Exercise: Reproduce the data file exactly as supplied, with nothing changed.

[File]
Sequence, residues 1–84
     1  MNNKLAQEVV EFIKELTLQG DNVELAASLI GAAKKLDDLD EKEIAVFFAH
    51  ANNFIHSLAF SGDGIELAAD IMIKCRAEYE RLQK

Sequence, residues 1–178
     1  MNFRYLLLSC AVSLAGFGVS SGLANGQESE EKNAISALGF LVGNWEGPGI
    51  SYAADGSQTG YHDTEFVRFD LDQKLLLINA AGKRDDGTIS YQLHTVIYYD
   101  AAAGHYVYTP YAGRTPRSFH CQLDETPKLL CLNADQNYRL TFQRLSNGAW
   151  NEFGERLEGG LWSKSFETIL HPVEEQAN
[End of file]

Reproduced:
Sequence, residues 1–84
     1  MNNKLAQEVV EFIKELTLQG DNVELAASLI GAAKKLDDLD EKEIAVFFAH
    51  ANNFIHSLAF SGDGIELAAD IMIKCRAEYE RLQK

Sequence, residues 1–178
     1  MNFRYLLLSC AVSLAGFGVS SGLANGQESE EKNAISALGF LVGNWEGPGI
    51  SYAADGSQTG YHDTEFVRFD LDQKLLLINA AGKRDDGTIS YQLHTVIYYD
   101  AAAGHYVYTP YAGRTPRSFH CQLDETPKLL CLNADQNYRL TFQRLSNGAW
   151  NEFGERLEGG LWSKSFETIL HPVEEQAN